$2.8 million award for emotional and financial damages upheld – California
In Reynaud v. Technicolor Creative Services USA Inc., an appellate court upheld a $2.8 million award to a United Kingdom citizen for emotional and financial damages related to delays in processing a green card application, finding the claims were not barred under the workers’ comp act. The company had arranged and sponsored a series of temporary work visas for the employee which his family also used to come to the U.S. In 2013, the employee asked the company to sponsor him for a green card and the company delayed and was very slow to implement the requirements.
The company told him that he would no longer remain employed after his visa expired in May 2016 and the employee and his family returned to England. Unable to find work, he developed depression and his wife sought counseling for depression and anxiety. The employee sued the company for negligence, alleging that it breached its assumed duty of due care “by failing to initiate the green card process.” A jury awarded $2.8 million to the couple.
The company argued it was protected by the exclusive remedy of the workers’ comp act, but the court found that the injuries were not caused by job-related duties or responsibilities, therefore the workers’ compensation law was inapplicable.
Truck driver is employee and cannot file personal injury claim – Georgia
In Estes v. G&W Carriers LLC, a married couple rotated driving responsibilities on their trips. The wife was injured while in the sleeping compartment when her husband was driving and rolled the truck.She filed a personal injury claim against the company. The company argued that the suit was barred by the exclusive remedy provision of workers’ comp and the court agreed.
While the wife argued she was an independent contractor because the company did not mandate a specific route be taken and that she could decline loads, the court found that the company had the right to control the time, manner and method of executing the work. It was the right to control, not necessarily the actual level of control, that governed the decision.
Widow can pursue tort claim against farm and forklift company, but not employer – Georgia
In Mullinax v. Pilgrim’s Pride Corp., the Court of Appeals reversed a trial court’s decision and allowed a tort case to proceed against two companies. The worker was a truck driver who was at a farm to transport chickens for processing by Pilgrim’s Pride Corp. A forklift operator employed by Rising Inc., which was contracted by Pilgrim’s to catch chickens and load them onto the trucks, left the forklift running when he went to the bathroom, and a co-worker of the truck driver, who was not authorized to drive a forklift, got into the forklift and ran over him.
The court upheld the dismissal of the case against Pilgrim’s, but allowed it to proceed against the owner of the farm and Rising as a jury could conclude that they had breached their duty of care.
Going and Coming rule clarified – Michigan
In Smith v. Chrysler Grp., LLC, an auditor was injured in a car accident while driving from home in his personal vehicle to a manufacturing plant owned by his employer. The employer reimbursed the auditor for his travel expenses. In reversing a decision of the Appellate Commission, a state appellate court found the auditor’s travel was an integral part of his work duties within the course and scope of the employment.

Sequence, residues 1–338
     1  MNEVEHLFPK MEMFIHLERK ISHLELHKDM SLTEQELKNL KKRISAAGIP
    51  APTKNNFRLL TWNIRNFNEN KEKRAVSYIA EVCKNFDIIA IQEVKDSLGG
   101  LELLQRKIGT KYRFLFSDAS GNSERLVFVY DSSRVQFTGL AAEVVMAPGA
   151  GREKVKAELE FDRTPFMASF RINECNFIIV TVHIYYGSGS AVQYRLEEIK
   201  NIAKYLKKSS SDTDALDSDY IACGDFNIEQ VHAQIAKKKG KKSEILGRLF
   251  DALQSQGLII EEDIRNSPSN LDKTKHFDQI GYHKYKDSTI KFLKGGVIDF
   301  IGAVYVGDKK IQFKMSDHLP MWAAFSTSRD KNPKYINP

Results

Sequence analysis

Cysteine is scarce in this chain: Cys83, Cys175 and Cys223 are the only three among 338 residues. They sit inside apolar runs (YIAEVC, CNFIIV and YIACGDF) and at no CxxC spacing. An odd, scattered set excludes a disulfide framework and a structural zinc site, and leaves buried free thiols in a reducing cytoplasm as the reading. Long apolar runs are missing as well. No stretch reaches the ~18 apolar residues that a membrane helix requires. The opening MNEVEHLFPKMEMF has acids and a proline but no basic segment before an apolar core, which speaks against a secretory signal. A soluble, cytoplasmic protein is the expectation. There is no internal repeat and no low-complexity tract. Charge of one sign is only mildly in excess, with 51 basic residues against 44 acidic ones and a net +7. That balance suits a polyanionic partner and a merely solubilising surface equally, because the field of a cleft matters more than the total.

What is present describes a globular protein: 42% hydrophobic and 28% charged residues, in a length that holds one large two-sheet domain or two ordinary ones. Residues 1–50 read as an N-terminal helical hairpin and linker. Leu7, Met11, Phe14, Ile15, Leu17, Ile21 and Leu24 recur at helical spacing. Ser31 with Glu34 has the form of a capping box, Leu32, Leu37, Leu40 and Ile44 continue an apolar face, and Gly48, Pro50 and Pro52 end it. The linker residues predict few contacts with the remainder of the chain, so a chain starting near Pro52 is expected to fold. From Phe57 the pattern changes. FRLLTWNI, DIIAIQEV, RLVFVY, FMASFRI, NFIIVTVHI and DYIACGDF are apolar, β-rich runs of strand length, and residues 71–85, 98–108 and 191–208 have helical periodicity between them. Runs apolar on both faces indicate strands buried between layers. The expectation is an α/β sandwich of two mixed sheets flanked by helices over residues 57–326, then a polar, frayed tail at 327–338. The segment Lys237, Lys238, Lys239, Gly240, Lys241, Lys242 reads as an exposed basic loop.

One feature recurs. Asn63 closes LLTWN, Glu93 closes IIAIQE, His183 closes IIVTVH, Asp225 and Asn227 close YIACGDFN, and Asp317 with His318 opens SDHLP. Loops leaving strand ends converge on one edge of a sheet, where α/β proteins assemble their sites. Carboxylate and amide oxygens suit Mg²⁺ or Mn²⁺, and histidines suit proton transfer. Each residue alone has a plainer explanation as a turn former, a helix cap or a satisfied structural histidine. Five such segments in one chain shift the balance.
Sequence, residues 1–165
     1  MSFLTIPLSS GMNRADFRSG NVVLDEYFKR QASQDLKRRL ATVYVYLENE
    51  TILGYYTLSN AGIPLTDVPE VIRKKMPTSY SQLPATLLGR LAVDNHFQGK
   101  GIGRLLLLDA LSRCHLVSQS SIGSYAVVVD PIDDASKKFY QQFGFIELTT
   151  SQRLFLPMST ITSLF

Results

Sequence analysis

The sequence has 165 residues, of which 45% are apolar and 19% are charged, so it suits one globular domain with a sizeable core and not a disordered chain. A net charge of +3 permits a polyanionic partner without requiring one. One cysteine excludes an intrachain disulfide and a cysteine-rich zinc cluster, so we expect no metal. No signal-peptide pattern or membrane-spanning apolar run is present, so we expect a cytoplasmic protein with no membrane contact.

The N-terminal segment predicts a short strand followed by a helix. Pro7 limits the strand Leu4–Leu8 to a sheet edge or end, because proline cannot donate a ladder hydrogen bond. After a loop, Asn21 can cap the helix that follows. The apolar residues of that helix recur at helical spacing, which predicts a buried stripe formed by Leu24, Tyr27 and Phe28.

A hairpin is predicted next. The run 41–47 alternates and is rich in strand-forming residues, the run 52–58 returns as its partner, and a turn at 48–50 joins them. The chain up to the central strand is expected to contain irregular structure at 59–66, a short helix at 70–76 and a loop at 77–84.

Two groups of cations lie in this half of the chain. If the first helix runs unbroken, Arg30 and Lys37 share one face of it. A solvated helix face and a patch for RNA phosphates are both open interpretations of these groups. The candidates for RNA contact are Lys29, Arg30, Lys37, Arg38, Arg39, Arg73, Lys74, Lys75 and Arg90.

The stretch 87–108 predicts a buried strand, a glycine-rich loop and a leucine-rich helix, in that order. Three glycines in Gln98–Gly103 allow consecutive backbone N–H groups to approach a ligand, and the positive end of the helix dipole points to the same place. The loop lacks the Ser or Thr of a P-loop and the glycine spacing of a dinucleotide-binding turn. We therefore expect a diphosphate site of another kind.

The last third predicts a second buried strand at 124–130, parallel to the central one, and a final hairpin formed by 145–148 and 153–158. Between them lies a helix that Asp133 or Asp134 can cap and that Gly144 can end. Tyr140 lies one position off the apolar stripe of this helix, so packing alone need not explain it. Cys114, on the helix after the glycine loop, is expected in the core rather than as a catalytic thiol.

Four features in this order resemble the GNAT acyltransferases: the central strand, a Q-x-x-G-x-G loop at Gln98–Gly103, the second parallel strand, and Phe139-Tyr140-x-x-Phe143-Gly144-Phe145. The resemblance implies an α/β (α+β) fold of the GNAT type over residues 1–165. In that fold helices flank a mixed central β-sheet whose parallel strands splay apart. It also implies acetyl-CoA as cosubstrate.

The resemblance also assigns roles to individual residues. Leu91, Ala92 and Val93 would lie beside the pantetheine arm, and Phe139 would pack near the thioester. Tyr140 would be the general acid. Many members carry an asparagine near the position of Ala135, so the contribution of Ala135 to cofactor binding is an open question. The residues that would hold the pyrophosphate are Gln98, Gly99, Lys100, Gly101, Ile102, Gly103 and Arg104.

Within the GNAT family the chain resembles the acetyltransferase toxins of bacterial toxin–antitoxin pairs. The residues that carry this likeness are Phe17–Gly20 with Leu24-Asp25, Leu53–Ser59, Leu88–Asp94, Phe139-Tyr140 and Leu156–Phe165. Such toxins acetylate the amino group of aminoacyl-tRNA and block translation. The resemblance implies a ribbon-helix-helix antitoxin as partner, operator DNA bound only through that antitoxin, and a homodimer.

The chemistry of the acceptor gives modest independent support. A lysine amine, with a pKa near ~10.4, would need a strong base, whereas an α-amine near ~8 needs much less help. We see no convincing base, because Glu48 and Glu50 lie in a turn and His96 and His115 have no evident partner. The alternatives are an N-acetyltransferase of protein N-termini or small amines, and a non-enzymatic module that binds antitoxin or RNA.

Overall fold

It noted while generally the going and coming rule prohibits workers’ comp benefits, there are exceptions. Each exception should be examined on its own merits and not as factors to be weighed. The situation met two exceptions: the employee was on a special mission for his employer and the employer paid for or furnished employee transportation as part of the employment contract.
High court denies benefits for school teacher – Missouri
In Annayeva v. Special Administrative Board of the Transitional School District of the City of St. Louis, a teacher slipped and fell inside the main entrance of the school, while carrying a bag of school-related papers. A security guard witnessed the fall. Although initially the teacher indicated she did not know the cause of the fall, after questioning by her attorney, she claimed the floor was covered with ice, dirt, and moisture.
The Commission did not find her testimony credible and denied the claim, but an appeals court overturned and the case made its way to the Supreme Court. The court found her not credible, that the accident did not involve a risk greater than any other and, therefore, was not compensable.
“Post-injury misconduct” does not include absence from the workplace – Missouri
In Hicks v. State of Missouri, an injured correctional officer was awarded temporary total disability (TTD) benefits after being terminated for unexcused absences. The employee injured his arm and shoulder during a training program and did not initially report the injury, but when an inmate asked what was wrong with his “wing”, he felt vulnerable and reported it. He had surgery and was eventually released for full duty, but informed his supervisor he was a risk to himself and others and requested light duty.